“Yeah, it’s been great for me to meet people from around the country and around the world,” he said. “You form friendships and bonds that you wouldn’t have otherwise. It’s something very special.”

Because of the relatively few artists in the profession, making and maintaining those friendships is important, he added.

“As the world itself is getting smaller, the music world itself is even smaller than that. Everyone knows everyone, and if you’re someone that people don’t like or do like everyone is going to know that.”

Having connections with well-known artists in the industry can also help aspiring artists gain recognition in the field they need in order to further their careers.

“If you show that drive, that attitude and you are an outstanding player, then word is going to get out about that and scholarships and jobs will start flying your way,” Andrews said.

It is also important for students attending the event to know that there are multiple avenues for them to gain more experience for their talents.

“We like our students to take notes and really see what the faculty has to say and really help them when they go home and try out everything that they’ve learned and see what works best for them, because they might see that one thing from each of the guest artists that might work best for them,” Andrews said.

Even 10 years on, the event remains one of only a few of its kind held in the country. Andrews said that while there have always been the traditional Blue Lake and Interlochen routes, there have been few events held that showcase trumpet alone.

The event concludes July 27 with a two-round solo competition between the students in high school and college divisions by playing compositions they have learned with the skills taught to them during the week by the faculty.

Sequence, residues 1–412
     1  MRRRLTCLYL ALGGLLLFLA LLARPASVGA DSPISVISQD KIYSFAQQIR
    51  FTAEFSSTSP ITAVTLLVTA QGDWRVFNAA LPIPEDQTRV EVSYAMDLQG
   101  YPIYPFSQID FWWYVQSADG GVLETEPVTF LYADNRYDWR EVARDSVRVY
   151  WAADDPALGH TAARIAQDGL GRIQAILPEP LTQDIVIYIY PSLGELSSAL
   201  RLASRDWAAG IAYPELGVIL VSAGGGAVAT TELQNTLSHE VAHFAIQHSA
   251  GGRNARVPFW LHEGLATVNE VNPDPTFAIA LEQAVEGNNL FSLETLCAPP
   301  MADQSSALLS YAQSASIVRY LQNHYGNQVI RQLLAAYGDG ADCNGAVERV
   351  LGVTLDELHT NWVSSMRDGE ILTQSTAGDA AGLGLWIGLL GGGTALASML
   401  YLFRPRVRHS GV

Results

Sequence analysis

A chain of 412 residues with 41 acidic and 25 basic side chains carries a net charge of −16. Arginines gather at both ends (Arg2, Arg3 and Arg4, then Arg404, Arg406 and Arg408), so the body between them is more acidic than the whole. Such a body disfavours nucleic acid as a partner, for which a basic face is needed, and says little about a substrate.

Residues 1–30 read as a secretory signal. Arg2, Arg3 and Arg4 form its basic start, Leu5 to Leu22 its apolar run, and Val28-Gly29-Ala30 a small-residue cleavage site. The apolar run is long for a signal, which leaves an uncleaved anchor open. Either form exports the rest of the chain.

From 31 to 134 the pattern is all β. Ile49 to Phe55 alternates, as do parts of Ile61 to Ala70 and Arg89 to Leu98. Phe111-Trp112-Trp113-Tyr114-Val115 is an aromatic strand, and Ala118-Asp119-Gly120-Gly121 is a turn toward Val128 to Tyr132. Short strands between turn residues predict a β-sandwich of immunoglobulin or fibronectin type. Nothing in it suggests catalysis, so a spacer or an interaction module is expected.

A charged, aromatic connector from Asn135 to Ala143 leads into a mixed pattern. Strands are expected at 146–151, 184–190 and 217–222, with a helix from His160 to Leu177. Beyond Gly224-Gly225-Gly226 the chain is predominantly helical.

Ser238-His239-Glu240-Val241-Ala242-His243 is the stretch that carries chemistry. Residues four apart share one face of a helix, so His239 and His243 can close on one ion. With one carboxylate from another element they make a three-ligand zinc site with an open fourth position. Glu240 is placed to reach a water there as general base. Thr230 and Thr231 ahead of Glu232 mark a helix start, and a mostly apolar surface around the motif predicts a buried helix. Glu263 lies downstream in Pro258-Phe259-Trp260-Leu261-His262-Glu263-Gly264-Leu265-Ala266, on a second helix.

The seminar is sponsored by Yamaha, a manufacturer of trumpet equipment which has supplied prizes for the competition.

Students will compete to earn prizes that total more than $10,000. Top prizes include a Custom Artists Model Yamaha Trumpet worth $6,191 for college students and a Xeno Model Yamaha Trumpet worth $3,510 for high school students.

The prizes, however, should not come before the lessons students learn from the faculty at the event, Andrews said. Each student, regardless of how they do in the competition will receive advice from the faculty and guest artists.

“Even if they don’t go on to the next round, (students) still get valuable feedback from these great players that have played on the world stage and all across the country and across the world. Getting individualized feedback from them would be well worth $10,000 in of itself,” he said.

The most valuable prize from the seminar is what the students take away with them when they leave, something that Andrews knows firsthand.

“Me, coming in as a student, I wasn’t the best trumpet player, but I got to learn from the best so that way I could aspire to be the best. They say you have to surround yourself with people you want to be like, and that’s what this is all about,” he said.

Andrews compares what students will learn at the seminar with what he learned from his former teacher Jean Moorehead-Libs. He describes her students as going far with trumpet and far in life.

“The best thing that Mrs. Libs taught me in my time growing up and learning (the trumpet) is you’re never going to be done learning. I’m a teacher and I’m teaching my knowledge to my students, but I will never be done learning. I’m a student of life,” he said.

Andrews hopes the students attending this year’s seminar will take away the same thing, and that maybe they too will be inspired to carry on the torch for future generations of students.

More information on the Grand Valley International Trumpet Seminar can be found on their website at

[email protected]